An idea that has been thrown around a lot for my entire life as a chess player is the “chess nerd”.
This guy is the stereotypical chess player who shuffles around the school yard, while trying not to be pushed down stairs by bullies and who hopes to make it to the library in one piece.
If he manages to get there he’ll spend 40 or so minutes moving (mostly broken) plastic figurines around a chequered board, while quietly snorting in pleasure under his (bad) breath and nervously adjusting his suspenders.
Excuse my massive generalisation guys haha. 🙂
But…Its basically this guy.
Typical characteristics of this guy might be:
I am certainly not writing this from a “holier than thou” perspective as I hate that type of hypocrisy and indeed used to love playing chess in high school.
I had pretty low self-esteem and I was interested in computers.
I also used to “bully the bullies” who tried to stand over fellow chess players in my presence, as well as giving my chess player friends advice about getting a girlfriend and this type of thing.
I was once expelled from a high school for fighting, the same day as I won the district’s schools chess championship with a score of 7/7.
The chess players were my “other” friends who I spent a lot of time with when not doing “cool” things like playing football and trying to get girls.
I often found myself conflicted and wondering “which group to hang with” at lunch time.
I wanted to be friends with everyone.
So I guess you could have called me a hybrid, or “cool nerd” haha.
Maybe I just wanted to “fit in” like most kids. 🙂
So ridiculous is the high school social system.
What I wanted to talk about today was how some people cling onto these “nerd habits” (mentioned in bulletpoints above) in adulthood (aka never grow up) and how it sometimes pisses me off, but also amuses me in a way.
When some chess nerds grow up they remain living with their parents well into their 30s and only leave the “spare room” (aka basement, garage, etc) to use the bathroom or when their parents call them for dinner.
They then emerge from their dungeon with black rings around their eyes – yawning, despite it being 4pm in the afternoon.
I have SEVERAL chess friends who are like this, its not uncommon!
Others spend their entire life at university and become “academics” so that they will gain a free license to stand around other nerds and theorise about abstract, “theoretical” things.
They love to scoff and massage their egos (they converse on only the topic they majored in) to justify spending more than half of their lifetime doing nothing.
They would never dream of getting a job or having a relationship (with someone other than their cat).
I am not talking about the top scientists and geniuses whose brilliant work keeps our society moving forward.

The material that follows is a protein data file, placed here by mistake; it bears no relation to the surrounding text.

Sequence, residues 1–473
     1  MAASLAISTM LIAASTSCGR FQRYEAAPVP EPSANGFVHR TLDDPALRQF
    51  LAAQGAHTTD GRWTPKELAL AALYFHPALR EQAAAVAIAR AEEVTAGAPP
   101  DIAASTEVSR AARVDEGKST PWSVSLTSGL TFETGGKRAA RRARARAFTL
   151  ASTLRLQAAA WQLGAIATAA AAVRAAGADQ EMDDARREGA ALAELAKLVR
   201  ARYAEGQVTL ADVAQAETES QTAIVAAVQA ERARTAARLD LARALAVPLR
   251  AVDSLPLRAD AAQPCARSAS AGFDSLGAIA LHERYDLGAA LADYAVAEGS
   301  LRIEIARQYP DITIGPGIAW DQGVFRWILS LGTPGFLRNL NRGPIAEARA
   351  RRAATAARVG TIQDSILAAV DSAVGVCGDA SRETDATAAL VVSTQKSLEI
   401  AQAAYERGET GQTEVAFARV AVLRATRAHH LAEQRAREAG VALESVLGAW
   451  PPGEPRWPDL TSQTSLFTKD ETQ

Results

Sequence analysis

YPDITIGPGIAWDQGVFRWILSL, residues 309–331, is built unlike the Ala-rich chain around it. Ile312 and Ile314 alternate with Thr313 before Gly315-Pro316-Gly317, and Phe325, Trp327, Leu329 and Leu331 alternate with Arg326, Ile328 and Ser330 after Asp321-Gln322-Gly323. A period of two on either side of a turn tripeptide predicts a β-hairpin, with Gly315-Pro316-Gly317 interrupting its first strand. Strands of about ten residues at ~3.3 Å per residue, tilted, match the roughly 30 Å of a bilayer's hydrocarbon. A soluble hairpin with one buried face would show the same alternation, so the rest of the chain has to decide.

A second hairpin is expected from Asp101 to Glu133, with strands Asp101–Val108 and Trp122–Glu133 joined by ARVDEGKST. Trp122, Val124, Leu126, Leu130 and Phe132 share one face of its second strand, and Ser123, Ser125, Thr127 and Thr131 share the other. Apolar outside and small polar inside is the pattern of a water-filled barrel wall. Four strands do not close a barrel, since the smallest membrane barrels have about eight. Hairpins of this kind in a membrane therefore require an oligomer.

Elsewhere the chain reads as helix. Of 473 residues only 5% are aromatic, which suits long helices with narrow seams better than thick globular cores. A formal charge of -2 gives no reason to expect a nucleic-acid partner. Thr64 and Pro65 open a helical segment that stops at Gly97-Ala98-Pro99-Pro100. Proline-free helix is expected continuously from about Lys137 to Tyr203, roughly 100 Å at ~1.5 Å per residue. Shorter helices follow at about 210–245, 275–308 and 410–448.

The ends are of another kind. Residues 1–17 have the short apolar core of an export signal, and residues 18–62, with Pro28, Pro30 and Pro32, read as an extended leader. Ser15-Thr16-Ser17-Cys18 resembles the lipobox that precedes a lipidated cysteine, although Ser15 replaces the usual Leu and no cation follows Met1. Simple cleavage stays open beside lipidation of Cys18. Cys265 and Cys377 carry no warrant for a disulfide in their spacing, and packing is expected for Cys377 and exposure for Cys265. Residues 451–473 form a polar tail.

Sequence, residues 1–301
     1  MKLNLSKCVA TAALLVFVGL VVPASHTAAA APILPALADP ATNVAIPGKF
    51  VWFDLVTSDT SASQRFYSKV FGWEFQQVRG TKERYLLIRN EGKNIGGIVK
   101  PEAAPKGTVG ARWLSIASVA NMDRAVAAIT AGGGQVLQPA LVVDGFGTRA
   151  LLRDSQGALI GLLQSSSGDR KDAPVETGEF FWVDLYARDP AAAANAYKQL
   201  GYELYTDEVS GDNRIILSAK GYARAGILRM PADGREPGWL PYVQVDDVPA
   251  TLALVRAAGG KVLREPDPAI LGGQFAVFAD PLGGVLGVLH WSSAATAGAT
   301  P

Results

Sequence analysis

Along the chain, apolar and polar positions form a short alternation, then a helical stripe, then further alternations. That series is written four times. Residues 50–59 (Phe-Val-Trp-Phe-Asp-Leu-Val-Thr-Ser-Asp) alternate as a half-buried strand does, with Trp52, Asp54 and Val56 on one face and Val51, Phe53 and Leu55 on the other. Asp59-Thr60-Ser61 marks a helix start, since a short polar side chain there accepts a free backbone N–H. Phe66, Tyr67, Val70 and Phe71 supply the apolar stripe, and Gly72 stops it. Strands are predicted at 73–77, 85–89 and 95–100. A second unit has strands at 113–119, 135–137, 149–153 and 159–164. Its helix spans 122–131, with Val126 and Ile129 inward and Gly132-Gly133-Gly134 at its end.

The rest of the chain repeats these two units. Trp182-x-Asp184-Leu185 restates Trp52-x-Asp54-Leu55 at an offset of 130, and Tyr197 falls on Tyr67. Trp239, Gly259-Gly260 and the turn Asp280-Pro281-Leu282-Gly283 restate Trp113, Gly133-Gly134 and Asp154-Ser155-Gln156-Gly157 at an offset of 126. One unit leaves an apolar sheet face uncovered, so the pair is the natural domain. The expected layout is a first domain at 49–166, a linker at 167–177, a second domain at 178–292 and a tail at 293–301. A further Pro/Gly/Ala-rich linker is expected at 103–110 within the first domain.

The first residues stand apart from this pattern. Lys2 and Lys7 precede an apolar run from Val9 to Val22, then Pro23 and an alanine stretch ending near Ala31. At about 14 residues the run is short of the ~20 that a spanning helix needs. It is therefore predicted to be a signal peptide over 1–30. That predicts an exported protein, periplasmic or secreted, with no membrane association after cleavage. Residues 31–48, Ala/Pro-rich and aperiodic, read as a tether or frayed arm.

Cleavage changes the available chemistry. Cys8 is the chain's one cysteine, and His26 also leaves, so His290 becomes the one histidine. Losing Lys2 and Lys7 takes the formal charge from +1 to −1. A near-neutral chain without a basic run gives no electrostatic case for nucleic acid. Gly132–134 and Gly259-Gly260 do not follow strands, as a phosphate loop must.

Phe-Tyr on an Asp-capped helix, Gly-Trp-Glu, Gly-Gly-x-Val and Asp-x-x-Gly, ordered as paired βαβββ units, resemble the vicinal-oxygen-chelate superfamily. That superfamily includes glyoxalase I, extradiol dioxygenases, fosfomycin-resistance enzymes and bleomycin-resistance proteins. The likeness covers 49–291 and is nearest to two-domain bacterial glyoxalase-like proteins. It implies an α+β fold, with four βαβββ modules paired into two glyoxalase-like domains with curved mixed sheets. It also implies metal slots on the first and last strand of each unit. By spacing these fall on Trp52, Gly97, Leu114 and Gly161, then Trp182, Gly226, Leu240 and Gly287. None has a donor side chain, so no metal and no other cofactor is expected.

This is certainly not every chess player either.
Its just the one brand of chess player which I don’t like.
When I write on this blog I like to treat it as a 1-1 conversation with you, and often I’m just throwing some things down which I wanna share with you, as we would if we were having a beer (or glass of cognac!) together and chatting.
I am not focussing on assuring that my grammar is perfect or making sure that I don’t offend male feminists and social justice warriors.
I am simply sharing my thoughts and experience with worldwide chess friends.
These guys are smart enough to understand me, even WITH the occasional grammatical mistake.
So yesterday somebody posted on talkchess.com a review I did of an excellent chess engine Prodeo 2.0 and this review has been pretty well received, even by the author of the engine (who is one of my favourite chess programmers, actually).
And today, I noticed it.
I also noticed the following comment by chess nerd Shawn Chidester:
LOL, I can imagine him snapping his suspenders and snorting as he utters those words.
This guy didn’t mention anything about the content of the review, about the engine which I was reviewing or about the website which it was posted on.
I would have no problem if he wrote something like:
“As a chess programmer I can agree with your opinion that style is more important than strength in chess engines and I did like the article. I ALSO however, noticed a couple of grammatical mistakes, but thats not a big issue”
It shows that he gives a balanced and fair opinion, and is a little more tactful when giving constructive criticism.
This is called having “social skills” and something which (as mentioned above) nerds don’t have.
What this guy did is cherry-pick something he didn’t like and post some snorting nerd shit with the aim of pulling another person down.
If you want to be civil and enjoy exploring and improving your understanding of chess together, this blog is a great place to hang out.
If you want to be petty and poke holes at my writing to boost your low self-esteem, get back your basement and be prepared for retaliation.
If you provoke a Lion, you’re gonna (d’ya like my grammar there?) get bitten.
I hope that this will end this issue and I can now focus on what I do best.
I’ll leave you with a hilarious video on the issue of Grammar Nazis.
Pretty funny huh? Ok I’m off to make a video lesson on Bobby Fischer!
Until next time…your chess coach,
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